- Teter CJ, McCabe SE, LaGrange K, Cranford JA, Boyd CJ (October 2006). "Illicit use of specific prescription stimulants among college students: prevalence, motives, and routes of administration". Pharmacotherapy 26 (10): 1501–1510. doi:10.1592/phco.26.10.1501. PMC 1794223. PMID 16999660.
- Bracken NM (January 2012). "National Study of Substance Use Trends Among NCAA College Student-Athletes". NCAA Publications. National Collegiate Athletic Association. Retrieved 8 October 2013.
- Docherty JR (June 2008). "Pharmacology of stimulants prohibited by the World Anti-Doping Agency (WADA)". Br. J. Pharmacol. 154 (3): 606–622. doi:10.1038/bjp.2008.124. PMC 2439527. PMID 18500382.
- Parr JW (July 2011). "Attention-deficit hyperactivity disorder and the athlete: new advances and understanding". Clin. Sports Med. 30 (3): 591–610. doi:10.1016/j.csm.2011.03.007. PMID 21658550.
- Roelands B, de Koning J, Foster C, Hettinga F, Meeusen R (May 2013). "Neurophysiological determinants of theoretical concepts and mechanisms involved in pacing". Sports Med. 43 (5): 301–311. doi:10.1007/s40279-013-0030-4. PMID 23456493.
- "Adderall XR Prescribing Information". United States Food and Drug Administration. Shire US Inc. December 2013. pp. 4–6. Retrieved 30 December 2013.
- Heedes G; Ailakis J. "Amphetamine (PIM 934)". INCHEM. International Programme on Chemical Safety. Retrieved 24 June 2014.
- Vitiello B (April 2008). "Understanding the risk of using medications for attention deficit hyperactivity disorder with respect to physical growth and cardiovascular function". Child Adolesc. Psychiatr. Clin. N. Am. 17 (2): 459–474. doi:10.1016/j.chc.2007.11.010. PMC 2408826. PMID 18295156.
- "FDA Drug Safety Communication: Safety Review Update of Medications used to treat Attention-Deficit/Hyperactivity Disorder (ADHD) in children and young adults". United States Food and Drug Administration. 20 December 2011. Retrieved 4 November 2013.
- Cooper WO, Habel LA, Sox CM, Chan KA, Arbogast PG, Cheetham TC, Murray KT, Quinn VP, Stein CM, Callahan ST, Fireman BH, Fish FA, Kirshner HS, O'Duffy A, Connell FA, Ray WA (November 2011). "ADHD drugs and serious cardiovascular events in children and young adults". N. Engl. J. Med. 365 (20): 1896–1904. doi:10.1056/NEJMoa1110212. PMID 22043968.
- "FDA Drug Safety Communication: Safety Review Update of Medications used to treat Attention-Deficit/Hyperactivity Disorder (ADHD) in adults". United States Food and Drug Administration. 15 December 2011. Retrieved 4 November 2013.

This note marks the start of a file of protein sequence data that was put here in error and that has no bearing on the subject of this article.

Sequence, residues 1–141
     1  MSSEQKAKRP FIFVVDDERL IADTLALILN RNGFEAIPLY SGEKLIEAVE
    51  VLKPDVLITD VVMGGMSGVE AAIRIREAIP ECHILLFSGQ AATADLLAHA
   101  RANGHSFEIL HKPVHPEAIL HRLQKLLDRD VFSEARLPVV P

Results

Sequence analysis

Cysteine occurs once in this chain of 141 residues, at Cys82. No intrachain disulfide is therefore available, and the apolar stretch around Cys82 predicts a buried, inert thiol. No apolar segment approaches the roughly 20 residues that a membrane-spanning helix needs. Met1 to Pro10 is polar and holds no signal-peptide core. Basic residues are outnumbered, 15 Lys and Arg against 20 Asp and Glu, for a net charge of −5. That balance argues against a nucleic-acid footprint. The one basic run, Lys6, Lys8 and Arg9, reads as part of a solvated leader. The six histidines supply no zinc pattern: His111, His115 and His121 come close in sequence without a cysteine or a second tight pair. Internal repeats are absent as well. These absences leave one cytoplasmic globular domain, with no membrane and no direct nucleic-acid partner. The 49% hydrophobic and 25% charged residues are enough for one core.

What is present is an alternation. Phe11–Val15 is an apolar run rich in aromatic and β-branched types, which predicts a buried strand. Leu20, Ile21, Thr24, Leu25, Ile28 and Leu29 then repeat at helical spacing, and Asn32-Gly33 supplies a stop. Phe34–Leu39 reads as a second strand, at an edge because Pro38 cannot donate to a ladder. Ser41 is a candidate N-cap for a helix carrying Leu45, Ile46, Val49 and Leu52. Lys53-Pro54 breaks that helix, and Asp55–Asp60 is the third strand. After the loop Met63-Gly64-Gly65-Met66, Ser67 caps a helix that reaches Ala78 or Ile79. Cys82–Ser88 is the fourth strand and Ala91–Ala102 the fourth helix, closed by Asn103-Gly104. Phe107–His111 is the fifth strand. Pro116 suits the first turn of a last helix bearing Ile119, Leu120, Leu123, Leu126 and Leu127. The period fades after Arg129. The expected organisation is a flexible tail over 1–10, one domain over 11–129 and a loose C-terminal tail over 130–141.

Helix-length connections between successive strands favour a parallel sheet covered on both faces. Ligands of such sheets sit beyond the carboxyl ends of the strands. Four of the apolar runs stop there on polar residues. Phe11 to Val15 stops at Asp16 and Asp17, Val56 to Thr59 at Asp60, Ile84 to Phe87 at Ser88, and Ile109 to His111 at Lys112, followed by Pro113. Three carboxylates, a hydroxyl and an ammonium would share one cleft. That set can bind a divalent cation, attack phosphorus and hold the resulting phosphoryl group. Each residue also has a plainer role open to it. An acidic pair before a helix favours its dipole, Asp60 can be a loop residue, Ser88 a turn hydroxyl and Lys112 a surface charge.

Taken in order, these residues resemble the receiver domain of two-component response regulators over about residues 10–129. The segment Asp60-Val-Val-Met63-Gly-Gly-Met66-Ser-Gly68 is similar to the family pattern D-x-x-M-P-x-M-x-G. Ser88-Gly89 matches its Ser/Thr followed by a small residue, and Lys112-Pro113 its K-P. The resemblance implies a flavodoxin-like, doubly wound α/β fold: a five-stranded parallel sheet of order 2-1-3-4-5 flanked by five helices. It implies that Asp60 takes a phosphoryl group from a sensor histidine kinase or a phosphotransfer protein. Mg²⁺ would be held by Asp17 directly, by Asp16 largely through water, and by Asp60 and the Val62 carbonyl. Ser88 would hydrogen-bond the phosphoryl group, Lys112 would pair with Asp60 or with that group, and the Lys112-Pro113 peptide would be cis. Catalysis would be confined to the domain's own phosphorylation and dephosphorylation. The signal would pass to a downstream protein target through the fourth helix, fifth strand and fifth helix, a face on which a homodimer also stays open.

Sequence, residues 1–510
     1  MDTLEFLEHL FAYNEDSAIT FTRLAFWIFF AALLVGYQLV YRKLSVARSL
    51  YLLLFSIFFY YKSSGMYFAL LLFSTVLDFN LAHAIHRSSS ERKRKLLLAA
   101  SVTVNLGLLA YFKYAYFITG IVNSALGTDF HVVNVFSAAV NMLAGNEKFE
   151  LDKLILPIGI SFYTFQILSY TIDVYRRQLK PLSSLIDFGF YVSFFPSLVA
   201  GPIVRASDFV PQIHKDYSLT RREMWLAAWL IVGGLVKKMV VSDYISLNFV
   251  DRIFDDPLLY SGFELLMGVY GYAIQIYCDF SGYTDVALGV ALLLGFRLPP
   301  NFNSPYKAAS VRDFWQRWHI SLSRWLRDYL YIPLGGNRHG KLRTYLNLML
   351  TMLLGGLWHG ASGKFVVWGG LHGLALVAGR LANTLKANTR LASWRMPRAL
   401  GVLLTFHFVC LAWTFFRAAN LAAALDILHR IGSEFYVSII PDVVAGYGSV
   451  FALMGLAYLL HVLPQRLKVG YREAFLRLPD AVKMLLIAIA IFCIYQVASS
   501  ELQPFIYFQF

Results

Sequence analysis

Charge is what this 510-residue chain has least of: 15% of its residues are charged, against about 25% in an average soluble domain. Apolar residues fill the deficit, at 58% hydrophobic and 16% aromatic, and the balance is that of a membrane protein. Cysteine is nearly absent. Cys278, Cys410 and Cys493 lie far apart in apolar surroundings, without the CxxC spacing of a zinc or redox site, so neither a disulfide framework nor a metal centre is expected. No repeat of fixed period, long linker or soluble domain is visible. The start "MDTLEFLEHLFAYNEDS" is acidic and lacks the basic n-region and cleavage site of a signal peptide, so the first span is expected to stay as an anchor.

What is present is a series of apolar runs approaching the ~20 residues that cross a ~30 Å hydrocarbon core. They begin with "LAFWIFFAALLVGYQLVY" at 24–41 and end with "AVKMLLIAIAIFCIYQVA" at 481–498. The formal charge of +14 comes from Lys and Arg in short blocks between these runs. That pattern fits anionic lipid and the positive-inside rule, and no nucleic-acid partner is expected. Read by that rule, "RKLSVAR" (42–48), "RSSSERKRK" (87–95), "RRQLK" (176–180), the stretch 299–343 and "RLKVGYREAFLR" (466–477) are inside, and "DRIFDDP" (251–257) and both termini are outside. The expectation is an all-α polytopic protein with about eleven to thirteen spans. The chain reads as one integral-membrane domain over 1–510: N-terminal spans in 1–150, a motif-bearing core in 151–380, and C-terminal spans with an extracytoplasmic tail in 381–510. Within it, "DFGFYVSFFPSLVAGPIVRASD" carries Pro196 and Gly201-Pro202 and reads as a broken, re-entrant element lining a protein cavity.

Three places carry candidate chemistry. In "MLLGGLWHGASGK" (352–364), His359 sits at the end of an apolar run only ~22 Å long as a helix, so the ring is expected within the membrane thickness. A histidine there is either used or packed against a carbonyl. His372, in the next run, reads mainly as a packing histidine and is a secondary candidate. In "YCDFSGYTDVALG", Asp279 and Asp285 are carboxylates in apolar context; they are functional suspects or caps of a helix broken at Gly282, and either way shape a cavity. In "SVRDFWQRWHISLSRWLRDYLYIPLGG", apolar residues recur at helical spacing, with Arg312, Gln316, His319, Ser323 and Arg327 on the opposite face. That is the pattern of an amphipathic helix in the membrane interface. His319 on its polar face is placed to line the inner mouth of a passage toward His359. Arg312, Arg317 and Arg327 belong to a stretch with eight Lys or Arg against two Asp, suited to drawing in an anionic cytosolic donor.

- Habel LA, Cooper WO, Sox CM, Chan KA, Fireman BH, Arbogast PG, Cheetham TC, Quinn VP, Dublin S, Boudreau DM, Andrade SE, Pawloski PA, Raebel MA, Smith DH, Achacoso N, Uratsu C, Go AS, Sidney S, Nguyen-Huynh MN, Ray WA, Selby JV (December 2011). "ADHD medications and risk of serious cardiovascular events in young and middle-aged adults". JAMA 306 (24): 2673–2683. doi:10.1001/jama.2011.1830. PMC 3350308. PMID 22161946.
- O'Connor PG (February 2012). "Amphetamines". Merck Manual for Health Care Professionals. Merck. Retrieved 8 May 2012.
- Spiller HA, Hays HL, Aleguas A (June 2013). "Overdose of drugs for attention-deficit hyperactivity disorder: clinical presentation, mechanisms of toxicity, and management". CNS Drugs 27 (7): 531–543. doi:10.1007/s40263-013-0084-8. PMID 23757186. "Amphetamine, dextroamphetamine, and methylphenidate act as substrates for the cellular monoamine transporter, especially the dopamine transporter (DAT) and less so the norepinephrine (NET) and serotonin transporter. The mechanism of toxicity is primarily related to excessive extracellular dopamine, norepinephrine, and serotonin."
- Kanehisa Laboratories (10 October 2014). "Amphetamine – Homo sapiens (human)". KEGG Pathway. Retrieved 31 October 2014.
- Lynch WJ, Peterson AB, Sanchez V, Abel J, Smith MA (September 2013). "Exercise as a novel treatment for drug addiction: a neurobiological and stage-dependent hypothesis". Neurosci Biobehav Rev 37 (8): 1622–44. doi:10.1016/j.neubiorev.2013.06.011. PMC 3788047. PMID 23806439. "these data show that exercise can affect dopaminergic signaling at many different levels, which may underlie its ability to modify vulnerability during drug use initiation. ... chronic moderate levels of forced treadmill running blocks not only subsequent methamphetamine-induced conditioned place preference, but also stimulant-induced increases in dopamine release in the NAc (Chen et al., 2008) and striatum (Marques et al., 2008). ... [These] findings indicate the efficacy of exercise at reducing drug intake in drug-dependent individuals ... Smith et al. (2011) examined the effects of chronic voluntary wheel running on cocaine self-administration under extended access conditions and found that exercising rats self-administered less cocaine and showed less escalation of intake over time as compared to sedentary rats. Similar effects of wheel running have also been reported for methamphetamine self-administration under extended access conditions (Engelmann et al., 2013) ... These findings suggest that exercise may "magnitude"-dependently prevent the development of an addicted phenotype possibly by blocking/reversing behavioral and neuro-adaptive changes that develop during and following extended access to the drug. ... Exercise also produces neuroadaptations that may influence an individual's vulnerability to initiate drug use. Consistent with this idea, chronic moderate levels of forced treadmill running blocks not only subsequent methamphetamine-induced conditioned place preference, but also stimulant-induced increases in dopamine release in the NAc (Chen et al., 2008) and striatum (Marques et al., 2008). ... Exercise has been proposed as a treatment for drug addiction that may reduce drug craving and risk of relapse. Although few clinical studies have investigated the efficacy of exercise for preventing relapse, the few studies that have been conducted generally report a reduction in drug craving and better treatment outcomes (see Table 4). ... Taken together, these data suggest that the potential benefits of exercise during relapse, particularly for relapse to psychostimulants, may be mediated via chromatin remodeling and possibly lead to greater treatment outcomes. [emphasis added]"